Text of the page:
Originally posted by Hanners
This is my whole point - This isn't a gaming benchmark.
I know a few people who have had perfectly stable overclocked systems for months on end, then one day they'll do something different with their machine and bang! Blue screen heaven. Down clock a bit, and everything is fine again.
This is exactly what you're seeing, this benchmark obviously just pushes your machine just that little bit too far. That doesn't make PCMark some terrible, evil benchmark.
Originally posted by bkswaney
I'm scoring 5200 with my setup to.
Tho I did have pcmark crash 2 times trying to run it.
What's up with that? I run every test I can throw at it on being stable
and it is stable.
I guess it does not like overclocks very well.
EDIT: WHat I cannot figure out is why I'm not crashing running the test.
But when I try and use the online compare it locks me up.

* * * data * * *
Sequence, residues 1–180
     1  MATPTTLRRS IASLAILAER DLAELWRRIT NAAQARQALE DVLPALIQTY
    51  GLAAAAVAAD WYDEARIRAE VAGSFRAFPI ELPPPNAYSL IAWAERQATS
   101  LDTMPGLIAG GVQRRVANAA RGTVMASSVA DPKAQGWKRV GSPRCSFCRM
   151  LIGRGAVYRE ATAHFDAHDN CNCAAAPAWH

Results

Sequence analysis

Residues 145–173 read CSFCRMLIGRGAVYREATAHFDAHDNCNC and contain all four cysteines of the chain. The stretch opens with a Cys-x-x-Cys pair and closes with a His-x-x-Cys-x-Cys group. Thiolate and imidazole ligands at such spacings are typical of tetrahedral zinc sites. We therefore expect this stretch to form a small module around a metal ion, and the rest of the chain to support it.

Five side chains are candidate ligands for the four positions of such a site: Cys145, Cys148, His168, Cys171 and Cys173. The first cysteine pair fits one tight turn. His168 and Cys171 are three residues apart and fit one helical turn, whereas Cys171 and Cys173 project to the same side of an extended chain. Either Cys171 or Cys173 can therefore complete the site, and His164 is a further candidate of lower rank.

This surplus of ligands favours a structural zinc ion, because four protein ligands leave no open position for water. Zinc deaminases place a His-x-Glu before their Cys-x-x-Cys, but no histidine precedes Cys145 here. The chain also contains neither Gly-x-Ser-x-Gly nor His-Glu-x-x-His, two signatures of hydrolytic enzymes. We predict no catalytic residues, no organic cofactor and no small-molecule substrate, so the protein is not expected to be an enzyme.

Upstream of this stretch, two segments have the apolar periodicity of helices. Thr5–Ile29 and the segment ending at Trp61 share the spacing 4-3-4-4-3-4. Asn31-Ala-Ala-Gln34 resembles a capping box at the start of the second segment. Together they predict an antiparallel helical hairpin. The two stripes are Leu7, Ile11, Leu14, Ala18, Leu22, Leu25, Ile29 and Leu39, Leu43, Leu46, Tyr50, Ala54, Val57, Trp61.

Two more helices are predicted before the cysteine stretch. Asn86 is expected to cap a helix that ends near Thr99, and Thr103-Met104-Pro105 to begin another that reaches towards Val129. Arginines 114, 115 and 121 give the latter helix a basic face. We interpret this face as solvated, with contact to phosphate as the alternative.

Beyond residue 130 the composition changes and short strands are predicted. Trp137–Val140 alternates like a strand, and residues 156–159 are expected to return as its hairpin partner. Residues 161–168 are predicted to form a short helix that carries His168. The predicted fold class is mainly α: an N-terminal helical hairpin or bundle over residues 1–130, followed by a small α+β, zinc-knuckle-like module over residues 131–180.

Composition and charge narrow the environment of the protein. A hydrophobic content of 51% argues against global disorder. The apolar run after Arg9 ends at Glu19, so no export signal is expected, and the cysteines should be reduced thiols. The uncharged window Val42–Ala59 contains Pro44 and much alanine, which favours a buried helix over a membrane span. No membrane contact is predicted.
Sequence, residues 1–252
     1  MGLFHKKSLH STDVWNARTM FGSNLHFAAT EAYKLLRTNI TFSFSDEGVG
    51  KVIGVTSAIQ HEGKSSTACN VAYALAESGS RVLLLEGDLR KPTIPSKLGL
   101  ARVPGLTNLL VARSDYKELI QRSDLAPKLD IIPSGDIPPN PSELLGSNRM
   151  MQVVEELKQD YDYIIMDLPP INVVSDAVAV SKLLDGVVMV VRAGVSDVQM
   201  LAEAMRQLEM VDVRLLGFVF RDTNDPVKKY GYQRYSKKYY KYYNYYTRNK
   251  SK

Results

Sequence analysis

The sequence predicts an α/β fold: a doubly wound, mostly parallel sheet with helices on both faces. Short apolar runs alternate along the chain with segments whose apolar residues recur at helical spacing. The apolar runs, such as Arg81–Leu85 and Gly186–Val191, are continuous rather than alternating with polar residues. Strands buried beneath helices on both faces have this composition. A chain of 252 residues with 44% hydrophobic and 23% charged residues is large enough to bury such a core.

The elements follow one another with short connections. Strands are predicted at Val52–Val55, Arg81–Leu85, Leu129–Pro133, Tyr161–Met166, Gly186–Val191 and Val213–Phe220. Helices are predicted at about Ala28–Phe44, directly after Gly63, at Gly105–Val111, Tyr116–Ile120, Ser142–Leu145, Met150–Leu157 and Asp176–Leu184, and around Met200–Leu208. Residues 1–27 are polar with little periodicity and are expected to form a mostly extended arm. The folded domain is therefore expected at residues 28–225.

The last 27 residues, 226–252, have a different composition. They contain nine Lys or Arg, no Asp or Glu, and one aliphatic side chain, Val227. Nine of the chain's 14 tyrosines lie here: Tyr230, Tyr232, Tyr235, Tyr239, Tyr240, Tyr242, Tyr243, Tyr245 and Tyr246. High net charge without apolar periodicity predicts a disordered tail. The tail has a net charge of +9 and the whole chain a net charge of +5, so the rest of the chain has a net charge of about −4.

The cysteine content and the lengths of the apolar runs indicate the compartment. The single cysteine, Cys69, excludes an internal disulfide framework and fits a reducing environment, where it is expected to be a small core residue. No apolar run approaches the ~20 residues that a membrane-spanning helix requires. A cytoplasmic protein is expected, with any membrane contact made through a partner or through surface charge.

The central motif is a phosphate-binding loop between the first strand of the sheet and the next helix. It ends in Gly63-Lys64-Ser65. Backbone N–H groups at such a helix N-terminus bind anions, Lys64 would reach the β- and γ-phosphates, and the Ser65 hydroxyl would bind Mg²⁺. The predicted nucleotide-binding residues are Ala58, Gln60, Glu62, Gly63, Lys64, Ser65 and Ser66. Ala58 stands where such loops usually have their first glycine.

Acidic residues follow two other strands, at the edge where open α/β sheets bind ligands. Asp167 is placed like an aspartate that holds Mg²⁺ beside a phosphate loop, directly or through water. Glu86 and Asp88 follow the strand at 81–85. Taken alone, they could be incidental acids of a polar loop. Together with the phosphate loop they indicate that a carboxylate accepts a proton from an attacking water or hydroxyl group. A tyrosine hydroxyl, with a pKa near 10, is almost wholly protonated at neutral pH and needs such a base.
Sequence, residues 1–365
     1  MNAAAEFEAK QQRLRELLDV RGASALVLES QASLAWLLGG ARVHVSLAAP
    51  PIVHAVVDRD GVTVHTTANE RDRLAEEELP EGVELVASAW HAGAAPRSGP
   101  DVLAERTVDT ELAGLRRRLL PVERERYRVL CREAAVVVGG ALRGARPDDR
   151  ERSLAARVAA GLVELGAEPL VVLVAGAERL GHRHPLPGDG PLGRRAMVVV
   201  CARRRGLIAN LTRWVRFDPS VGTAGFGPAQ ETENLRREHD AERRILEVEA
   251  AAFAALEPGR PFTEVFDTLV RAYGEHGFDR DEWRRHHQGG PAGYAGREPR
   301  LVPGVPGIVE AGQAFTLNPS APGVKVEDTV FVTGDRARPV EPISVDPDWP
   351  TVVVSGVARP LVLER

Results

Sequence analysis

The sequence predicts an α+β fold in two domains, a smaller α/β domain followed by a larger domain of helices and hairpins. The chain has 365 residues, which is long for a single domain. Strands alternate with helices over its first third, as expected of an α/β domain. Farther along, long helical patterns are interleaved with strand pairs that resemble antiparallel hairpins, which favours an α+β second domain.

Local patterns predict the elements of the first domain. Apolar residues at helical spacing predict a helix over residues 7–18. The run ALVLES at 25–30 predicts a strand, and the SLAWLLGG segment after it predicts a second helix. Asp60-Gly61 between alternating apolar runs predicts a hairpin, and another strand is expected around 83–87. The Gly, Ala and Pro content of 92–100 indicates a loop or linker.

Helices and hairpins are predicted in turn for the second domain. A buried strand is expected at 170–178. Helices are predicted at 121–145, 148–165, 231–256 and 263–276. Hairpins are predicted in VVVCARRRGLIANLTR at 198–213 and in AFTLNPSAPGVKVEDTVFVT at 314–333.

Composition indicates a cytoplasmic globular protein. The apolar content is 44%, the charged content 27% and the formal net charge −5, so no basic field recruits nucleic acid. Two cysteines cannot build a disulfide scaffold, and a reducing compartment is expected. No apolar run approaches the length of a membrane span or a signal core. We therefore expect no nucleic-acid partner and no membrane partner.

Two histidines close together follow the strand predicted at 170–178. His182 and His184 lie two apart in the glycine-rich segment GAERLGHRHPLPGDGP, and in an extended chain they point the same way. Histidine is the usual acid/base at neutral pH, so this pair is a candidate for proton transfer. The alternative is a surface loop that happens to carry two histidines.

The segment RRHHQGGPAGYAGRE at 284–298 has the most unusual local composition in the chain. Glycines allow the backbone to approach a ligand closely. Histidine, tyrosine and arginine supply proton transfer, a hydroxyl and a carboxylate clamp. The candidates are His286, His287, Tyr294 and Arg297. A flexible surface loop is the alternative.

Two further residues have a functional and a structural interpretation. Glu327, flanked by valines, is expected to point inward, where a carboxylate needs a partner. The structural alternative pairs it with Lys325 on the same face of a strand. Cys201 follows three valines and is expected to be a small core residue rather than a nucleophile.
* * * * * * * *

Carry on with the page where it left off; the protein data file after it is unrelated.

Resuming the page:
I'm not the only one with an Intel setup that is having their system overclocked
, yet we can both run other stability programs like (Sandra, SysMark or Prime95) without problems at our normal o/c speeds.
You can't say. "Flawed"?
How do you know it is so perfect? How do you know it isn't plagued with bugs?
In your own words:
"nVidia takes the crown by a massive margin here, and gives some rather interesting results. As expected, the extra bandwidth and fillrate of the 5900 over the 9800 Pro gives it the edge in most tests (although ATi's card performs better in the transparant window test). However, the score in two of the tests relating to graphics memory show an absolutely immense difference in favour of nVidia, to the tune of around 3,000 FPS!! I'm unsure of whether these scores are accurate and reflective of the hardware or down to a driver issue on ATi's part, but nevertheless those results give a huge boost in the AMD systems favour, and as one of these tests is also present in the main PCMark test to calculate an overall score, it explains the large advantage the AMD rig shows in the final scoring."
You are straight out contradicting yourself.